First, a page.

limited grounds for granting a motion for reconsideration
pursuant to Rule 59(e): (1) to accommodate an intervening
change in controlling law, (2) to account for new evidence
not available at trial, or (3) to correct clear error of law
or prevent manifest injustice. See United States ex rel.
Becker v. Westinghouse Savannah River Co., 305 F.3d 284,
290 (4thCir. 2002) (citing Pac. Ins. Co. v.
Am. Nat'l Fire Ins. Co., 148 F.3d 396, 403
(4th Cir. 1998)), cert. denied, 538 U.S.
1012 (2003). A Rule 59(e) motion “may not be used to
relitigate old matters, or to raise arguments or present
evidence that could have been raised prior to the entry of
judgment.” Pac. Ins. Co., 148 F.3d at 403
(quoting 11 Charles Wright & Arthur Miller, Federal
Practice & Procedure § 2810.1, at 127-28
(2d ed. 1995)); see also Medlock v.
Rumsfeld, 336 F.Supp.2d 452, 470 (D. Md. 2002)
(“To the extent that Plaintiff is simply trying to
reargue the case, he is not permitted to do so. Where a
motion does not raise new arguments, but merely urges the
court to ‘change its mind,' relief is not
authorized.”), aff'd, 86 F.App'x. 665
(4th Cir. 2004) (internal citation omitted).
“In general, ‘reconsideration of a judgment after
its entry is an extraordinary remedy which should be used
sparingly.'” Pac. Ins. Co., 148 F.3d at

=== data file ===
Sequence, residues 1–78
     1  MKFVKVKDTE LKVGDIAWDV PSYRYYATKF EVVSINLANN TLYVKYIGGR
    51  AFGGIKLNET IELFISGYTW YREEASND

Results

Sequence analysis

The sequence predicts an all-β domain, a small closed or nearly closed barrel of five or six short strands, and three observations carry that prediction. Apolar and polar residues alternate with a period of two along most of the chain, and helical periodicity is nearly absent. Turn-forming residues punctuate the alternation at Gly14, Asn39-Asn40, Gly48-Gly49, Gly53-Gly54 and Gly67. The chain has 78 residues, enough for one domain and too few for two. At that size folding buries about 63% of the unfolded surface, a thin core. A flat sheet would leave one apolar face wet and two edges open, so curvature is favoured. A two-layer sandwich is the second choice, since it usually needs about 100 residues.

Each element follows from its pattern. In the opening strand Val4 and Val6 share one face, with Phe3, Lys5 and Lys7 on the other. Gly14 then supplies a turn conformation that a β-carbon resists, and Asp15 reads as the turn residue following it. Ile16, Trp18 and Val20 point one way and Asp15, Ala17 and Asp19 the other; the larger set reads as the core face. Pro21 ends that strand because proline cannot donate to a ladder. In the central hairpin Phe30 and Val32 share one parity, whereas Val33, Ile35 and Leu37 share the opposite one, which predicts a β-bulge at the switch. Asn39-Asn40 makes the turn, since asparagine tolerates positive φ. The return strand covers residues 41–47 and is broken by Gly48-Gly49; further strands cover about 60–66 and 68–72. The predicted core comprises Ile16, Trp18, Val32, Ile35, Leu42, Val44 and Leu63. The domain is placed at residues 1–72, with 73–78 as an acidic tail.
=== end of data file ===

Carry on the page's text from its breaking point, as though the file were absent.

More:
403 (quoting 11 Wright & Miller, Federal Practice &
Procedure § 2810.1, at 124).
has not sufficiently addressed any of the grounds for
reconsideration under Rule 59(e), nor does any appear to be
applicable. The court will not rehash the same arguments
considered and rejected by the court in deciding the prior
motions. See Sanders v. Prince George's Pub. Sch.
Sys., No. RWT 08-cv-501, 2011 WL 4443441, at *1 (D.Md.
Sept. 21, 2011) (“[A] motion for reconsideration
‘is not the proper place to relitigate a case after the
court has ruled against a party,' as ‘mere
disagreement' with a court's rulings will not support
granting such a request.”) (internal citations
the court finds no reason to justify amending its prior
ruling and Plaintiff's motion will be denied.
 A motion filed within 28 days after
the entry of judgment is analyzed under Fed.R.Civ.P. 59, and
tolls the time for filing an appeal. Fed. R.App.
4(a)(4)(A)(iv); Colter v. Omni Insurance Co., 718
Fed.Appx. 189, 190 (4th Cir. 2018).
 It is unclear from Plaintiff's
assertion that he will “focus on his [a]ppeal and stand
upon the uncorrected blatant errors in this [c]ourt's
opinion” if he seeks to withdraw the pending 60(a)
motion. (ECF No. 96, at 8). Because of this ambiguity, the
court will proceed as though Plaintiff is not withdrawing the
motion. Moreover, the end result - the court making no
changes to the June 6, 2019 Memorandum Opinion (ECF No. 89) -
will remain the same.
 In the Memorandum Opinion filed on May
10, 2019, the court stated: “Instead of filing a
proposed amended complaint or detailing his efforts to retain
an attorney, Plaintiff filed an interlocutory appeal (ECF No.
68) and a motion for extension of time to file a proposed
amended complaint and to stay proceedings in this court
pending his appeal (ECF No. 69)[.]” (ECF No. 89).
Plaintiff argues that this statement is
“erroneous” because he included direct statements